TRUMANSBURG, N.Y. — As the Finger Lakes Grassroots Festival of Music and Dance came to a close for 2016, the 4-day, music filled weekend seemed to many to have once again come and gone with the blink of an eye. On Sunday, a stroll around the festival revealed the most committed festival goers still dancing, while others sat outside with friends and family or packed their bags.
For many, it may be difficult to quantify the Grassroots experience in a small handful words or numbers. However, taking a look at some numbers representing the festival may provide a new perspective on what goes on behind the scenes.
The full festival weekend features upwards of 80 performers, and wouldn’t run smoothly without the 1,600 volunteers who signed up to assist with set up, on site tasks, and breakdown.
The festival’s Art Barn housed pieces from more than 30 Finger Lakes artists.
Known as a festival staple, the annual GrassRoots mug allows festival goers to buy cheaper beverages at the main food tent. According to CTB owner Gregor Braus, each year the tent sells roughly 3,400 mugs, the size of this year’s order. Many GrassRoots lovers collect the mugs, and in subsequent years they receive increasing discounts on iced drinks from lemonade to coffee.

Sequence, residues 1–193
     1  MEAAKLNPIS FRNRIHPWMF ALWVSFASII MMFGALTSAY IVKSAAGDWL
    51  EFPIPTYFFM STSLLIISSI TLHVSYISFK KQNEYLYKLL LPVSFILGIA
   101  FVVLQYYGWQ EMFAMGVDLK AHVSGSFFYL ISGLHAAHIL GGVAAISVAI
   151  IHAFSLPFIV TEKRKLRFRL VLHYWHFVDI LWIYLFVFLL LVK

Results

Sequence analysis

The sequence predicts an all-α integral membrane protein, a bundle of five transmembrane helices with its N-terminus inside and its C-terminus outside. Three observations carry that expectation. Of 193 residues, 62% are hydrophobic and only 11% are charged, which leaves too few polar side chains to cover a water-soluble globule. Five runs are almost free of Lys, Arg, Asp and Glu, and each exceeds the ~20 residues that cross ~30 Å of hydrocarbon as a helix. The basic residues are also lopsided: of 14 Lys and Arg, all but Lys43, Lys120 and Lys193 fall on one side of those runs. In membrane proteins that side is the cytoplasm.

At the same food tent, an average of 100 dozen bagels are sold each day between breakfast, lunch, and dinner.
“There’s rarely a moment where there’s nobody in line,” said Gregor Braus.
Another stand out characteristic of the Finger Lakes Grassroots Festival is the Renovus charging station. Always packed with festival goers charging phones, the 8,000-watt system has 128 charging plugs according to Renovus’s Dan Merwin. The station premiered at the festival in 2013, and it’s safe to say that many current day attendees couldn’t imagine Grassroots without it.
Of about 25 food vendors, Silo Food Truck stood out not only for their fried chicken, but also for the two-dollar bills they handed out as change. Festival goers had the opportunity to stamp the bills with a custom Silo stamp, increasing the bill’s value used at the truck from two to four dollars. In total, Silo had 600 two-dollar bills to give out as change.
“My hope was it would sit in people’s wallets and remind them of Silo afterwards,” said employee Jesse Steve.
In total, the festival held 62 hours of scheduled music across the four days. However, with bands playing late and cheers for an encore not unusual, the hours of live music played at the Finger Lakes Grassroots Festival is likely even larger.